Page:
Corbyn Faces Confidence Vote as Brexit Spurs Labour Revolt

Post-Brexit Battle for Labour Party's Leadership
  • U.K. opposition leader’s team decimated as dozens walk out
  • Labour faces ‘existential threat,’ lawmaker Austin says

U.K. Labour Party leader Jeremy Corbyn will face a no-confidence ballot on Tuesday as the aftershocks of last week’s referendum vote to quit the European Union continue to wreak havoc across the country’s political landscape.

At a fractious party meeting late on Monday, members of Parliament discussed a no-confidence motion in Corbyn’s leadership, with lawmaker after lawmaker urging him to resign and only a few offering words of support. The criticisms were delivered by more than just the “usual suspects,” according to Ian Austin, a member of Parliament for 11 years.

“I’ve never seen a moment like it,” he told reporters after the meeting. “The Labour Party faces an existential threat from the leader we have.”

The backlash follows the U.K.’s vote for a so-called Brexit on Thursday, which triggered a mass exodus from Corbyn’s team. Many of those who resigned have criticized their leader for running a lackluster campaign to remain in the bloc, which failed to galvanize support among Labour voters. The wider implication is that Corbyn doesn’t have the powers of persuasion needed to win a general election that could happen sooner than expected after the seismic shock of the EU vote, which has already forced Prime Minister David Cameron to resign.

Writing on the Wall

“The writing on the wall is 8 meters high and if he can’t see it, he needs to go to Specsavers,” Chris Bryant, who resigned from Corbyn’s team on Sunday, told reporters, referring to a chain of opticians. “This is a battle for the soul of the Labour Party.”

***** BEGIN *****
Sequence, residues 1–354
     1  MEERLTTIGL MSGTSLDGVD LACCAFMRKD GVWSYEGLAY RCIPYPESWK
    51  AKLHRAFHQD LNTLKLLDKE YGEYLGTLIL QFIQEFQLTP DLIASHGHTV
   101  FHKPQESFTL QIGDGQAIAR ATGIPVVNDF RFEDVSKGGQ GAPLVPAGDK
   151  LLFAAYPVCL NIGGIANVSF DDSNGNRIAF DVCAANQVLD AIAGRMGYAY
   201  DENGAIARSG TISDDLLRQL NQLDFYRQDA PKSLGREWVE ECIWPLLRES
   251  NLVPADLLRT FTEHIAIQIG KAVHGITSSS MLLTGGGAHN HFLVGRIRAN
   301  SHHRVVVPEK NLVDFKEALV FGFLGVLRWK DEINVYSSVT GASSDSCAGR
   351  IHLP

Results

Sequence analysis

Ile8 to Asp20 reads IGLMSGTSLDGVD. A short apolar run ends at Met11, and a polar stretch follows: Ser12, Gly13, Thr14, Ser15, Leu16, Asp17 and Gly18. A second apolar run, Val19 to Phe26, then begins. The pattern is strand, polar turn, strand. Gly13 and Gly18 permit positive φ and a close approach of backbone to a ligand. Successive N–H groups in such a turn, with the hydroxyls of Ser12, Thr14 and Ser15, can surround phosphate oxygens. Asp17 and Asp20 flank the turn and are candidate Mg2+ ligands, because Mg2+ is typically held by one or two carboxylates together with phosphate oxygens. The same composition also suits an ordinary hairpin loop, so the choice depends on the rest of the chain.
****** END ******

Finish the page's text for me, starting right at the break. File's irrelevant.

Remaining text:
Corbyn refused to quit and after leaving the meeting, headed straight to the square outside the Houses of Parliament to address hundreds of supporters who had gathered there for a grassroots rally entitled “Keep Corbyn, Build our Movement.”

“We don’t need the blame culture, we need the unite culture of working together,” Corbyn said to loud cheers from the crowd, who moments earlier had been chanting his name.

Labour’s 229 members of Parliament will have until 4 p.m. on Tuesday to vote on the no-confidence motion, with the results due to be announced soon after. The vote is only advisory and won’t immediately unseat Corbyn, who was elected last year with landslide support among party members outside the legislature.

Grassroots Support

A Labour leadership election can only be triggered if Corbyn resigns or if 20 percent of the party’s lawmakers put their names to a letter backing a rival. About 40 members of the leader’s frontline team have quit since the referendum, suggesting that the anti-Corbyn camp has easily enough support in parliament to reach that figure.

But if Corbyn, who’s defied all calls to step down, is one of the candidates in any new leadership election then the party’s wider members will have the final word. Last year almost 60 percent of them backed Corbyn, a 200-to-1 outsider for the leadership and a serial rebel who had been at the left-wing fringes of the party for more than three decades. The leader’s office said he will stand if a contest is triggered.

“I think it’s disgusting,” Diana Blatton, 74, a Corbyn supporter and retired lecturer who lives in London, said in an interview at the rally. “The traitors have been lurking around ever since he was elected and they’ve just waited for an opportunity and feel this is an opportunity they can seize. They’re totally ignoring what the vast membership of the Labour Party want.”

‘Bad Day’

The spate of resignations from Corbyn’s team began in the early hours of Sunday when the opposition leader sacked his foreign affairs spokesman, Hilary Benn, prompting more than 40 resignations in two days, many of them from the core Labour team known as the Shadow Cabinet. By late Monday, Corbyn had filled some of the gaps, but about 10 positions remained vacant.

Corbyn’s troubles have provided some relief for Prime Minister David Cameron, who announced his own resignation on Friday after the failure of his Remain campaign. His successor as Tory party chief and prime minister is due to be chosen by early September.

After welcoming to Parliament a new Labour lawmaker, Rosena Allin-Khan, on Monday, the premier advised her to “keep her mobile phone on.”

“She might be in the Shadow Cabinet by the end of the day,” Cameron said. “And I thought I was having a bad day.”

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